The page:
Written January 4, 2017

Using Azure IoT Hub and PowerBI to Visualize Plant Floor Data

In my previous post on the Azure IoT Gateway SDK, we put together a Powershell quick start script for Modbus Gateway projects.
In this post we’ll continue the exploration by connecting a Modbus compatible Beckhoff BK9100 to Azure IoT Hub, shape our data with Azure Stream Analytics and then visualizing the current position of a Dynapar optical encoder with Power Bi.

We’ll begin by opening up the Azure Portal, click on the plus icon in the upper right corner and search for IoT Hub. Once the resource is located, select Create in the lower left corner.

Configure your IoT Hub with a unique name, select an appropriate scale tier, and make sure to put the hub into it’s own resource group for easy clean-up later.

Navigate to the Shared access policies tab of the IoT Hub and paste the Primary key of the service policy into a text file.

Back in the Hub’s primary blade, select the Endpoints tab under messaging. In the new blade select the Events entry under Built-in endpoints. Once the new blade opens, copy the Event Hub-compatible name value and the first segment of the Event Hub-compatible endpoint value (e.g. ihsuprodbyres043dednamespace) into your text file. We’ll use these values in a moment to hook up our Azure Stream Analytics Job.

Next, we’ll need an Azure Stream Analytics(ASA) Job to perform some data scaling on the path toward PowerBI. While this operation could be performed in the gateway, ASA provides us an opportunity to sniff/validate our data and opens the door to easy persistence, should we so choose. Again click the plus (+) icon in the upper left corner and search for Stream Analytics. Once the resource is located, select Create in the blade’s lower left corner.

Configure the ASA job with a unique name and place it in the same resource group as the IoT Hub.

We now need to patch the IoT Hub as the input for the ASA Job. In the overview pane, select the input section under Job Topology, and press add at the top of the new blade. Enter an alias that will be used to reference the input in the ASA query. Make sure that the Source Type is set to Data Stream and the Source is marked as Event hub. Unfortunately, the Event Hub input blade will not automatically recognize the IoT Hub’s Event Hub endpoints, so we’ll need to set the Subscription field to Provide event hub settings manually. Paste in the Service bus namespace, the ‘Event hub name’ and the Event hub policy key from your text file. Finish up by setting the Event up policy name to service and press Create. There is no need to define a non-default consumer group and the data will be JSON formatted, encoded as UTF-8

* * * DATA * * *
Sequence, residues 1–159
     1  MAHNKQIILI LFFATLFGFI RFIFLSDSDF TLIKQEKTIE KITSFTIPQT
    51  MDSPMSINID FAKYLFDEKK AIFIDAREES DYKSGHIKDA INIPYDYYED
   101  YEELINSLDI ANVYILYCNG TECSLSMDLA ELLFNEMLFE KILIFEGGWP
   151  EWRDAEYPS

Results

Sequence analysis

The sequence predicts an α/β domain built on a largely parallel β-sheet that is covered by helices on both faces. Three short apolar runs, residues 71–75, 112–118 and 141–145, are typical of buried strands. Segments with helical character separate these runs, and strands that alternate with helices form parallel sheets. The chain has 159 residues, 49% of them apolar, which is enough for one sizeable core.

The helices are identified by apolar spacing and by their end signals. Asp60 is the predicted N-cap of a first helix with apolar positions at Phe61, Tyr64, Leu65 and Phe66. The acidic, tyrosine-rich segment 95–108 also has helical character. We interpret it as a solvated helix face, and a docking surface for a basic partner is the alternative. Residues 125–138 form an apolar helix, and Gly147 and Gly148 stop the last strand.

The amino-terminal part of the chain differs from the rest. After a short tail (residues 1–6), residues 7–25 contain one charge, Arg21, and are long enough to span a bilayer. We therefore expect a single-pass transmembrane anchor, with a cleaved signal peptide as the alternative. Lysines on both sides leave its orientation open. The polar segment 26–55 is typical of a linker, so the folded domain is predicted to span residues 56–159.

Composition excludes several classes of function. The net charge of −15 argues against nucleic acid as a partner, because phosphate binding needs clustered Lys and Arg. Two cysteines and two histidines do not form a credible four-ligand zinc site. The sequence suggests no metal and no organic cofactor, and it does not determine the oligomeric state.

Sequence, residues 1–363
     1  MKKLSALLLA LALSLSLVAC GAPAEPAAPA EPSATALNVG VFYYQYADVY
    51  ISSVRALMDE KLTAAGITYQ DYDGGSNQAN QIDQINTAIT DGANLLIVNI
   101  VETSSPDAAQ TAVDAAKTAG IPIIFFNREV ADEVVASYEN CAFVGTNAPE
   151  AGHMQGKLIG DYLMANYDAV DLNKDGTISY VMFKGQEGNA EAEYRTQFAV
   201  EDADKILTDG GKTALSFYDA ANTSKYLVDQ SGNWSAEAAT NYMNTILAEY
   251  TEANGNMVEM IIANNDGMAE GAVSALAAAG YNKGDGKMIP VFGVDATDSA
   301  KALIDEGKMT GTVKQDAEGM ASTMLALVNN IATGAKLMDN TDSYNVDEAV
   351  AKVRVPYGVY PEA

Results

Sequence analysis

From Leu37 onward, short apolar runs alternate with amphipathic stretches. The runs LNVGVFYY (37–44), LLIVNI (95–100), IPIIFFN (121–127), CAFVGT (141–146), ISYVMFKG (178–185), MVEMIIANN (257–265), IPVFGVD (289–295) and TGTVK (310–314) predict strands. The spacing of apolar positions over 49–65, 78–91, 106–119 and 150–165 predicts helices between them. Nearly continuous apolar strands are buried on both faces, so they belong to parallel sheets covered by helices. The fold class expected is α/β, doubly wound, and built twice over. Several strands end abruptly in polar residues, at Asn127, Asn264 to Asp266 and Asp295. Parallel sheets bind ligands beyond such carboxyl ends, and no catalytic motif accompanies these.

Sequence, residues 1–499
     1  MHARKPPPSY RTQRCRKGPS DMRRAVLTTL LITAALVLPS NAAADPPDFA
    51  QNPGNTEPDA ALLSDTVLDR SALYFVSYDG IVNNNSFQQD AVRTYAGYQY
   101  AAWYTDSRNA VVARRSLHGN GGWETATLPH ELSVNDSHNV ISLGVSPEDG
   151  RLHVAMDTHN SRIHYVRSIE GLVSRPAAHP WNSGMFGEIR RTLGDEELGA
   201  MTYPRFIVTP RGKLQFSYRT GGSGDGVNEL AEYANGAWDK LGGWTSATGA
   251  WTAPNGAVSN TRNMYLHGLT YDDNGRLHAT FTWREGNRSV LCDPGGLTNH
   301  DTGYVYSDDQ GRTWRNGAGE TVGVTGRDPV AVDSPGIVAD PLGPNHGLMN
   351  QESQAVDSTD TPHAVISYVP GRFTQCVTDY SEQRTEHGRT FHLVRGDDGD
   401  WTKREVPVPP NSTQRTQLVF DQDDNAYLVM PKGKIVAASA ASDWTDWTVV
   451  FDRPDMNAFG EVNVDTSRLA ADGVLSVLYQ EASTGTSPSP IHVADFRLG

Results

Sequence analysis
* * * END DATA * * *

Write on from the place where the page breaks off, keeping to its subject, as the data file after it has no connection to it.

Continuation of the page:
Before we define our ASA query we should set up the output hook to PowerBI.
Back under the ASA Job’s overview tab on the main blade, Select the Output section under Job Topology and press Add at the top. Enter power-bi as your Output alias, set the Sink to Power BI and press authorize. You’ll be asked to enter your Power BI credentials at the login. If you don’t already have a Power BI account, you can sign up for one here. Once the prompt completes login, enter in a Dataset Name and target Table Name.

The last bit of ASA configuration we need to handle is setting up the query.
For now, we’ll build the query based on values that might end up being slightly different when you wire up your device.

Navigate the the Query section under Job Topology and select it. A new blade will open up that will list the Input and Output alias previously defined and a code editor to enter the ASA query. We’ll start by selecting the observation time stamp and the device type value. As I noted earlier, we need to do some maths to range our encoder value to get the data in shape for PowerBI visualization. To range the encoder value, cast the string to a float, devide by the ranges max count (in this case 65535) and multiply by 100 to push to percentage.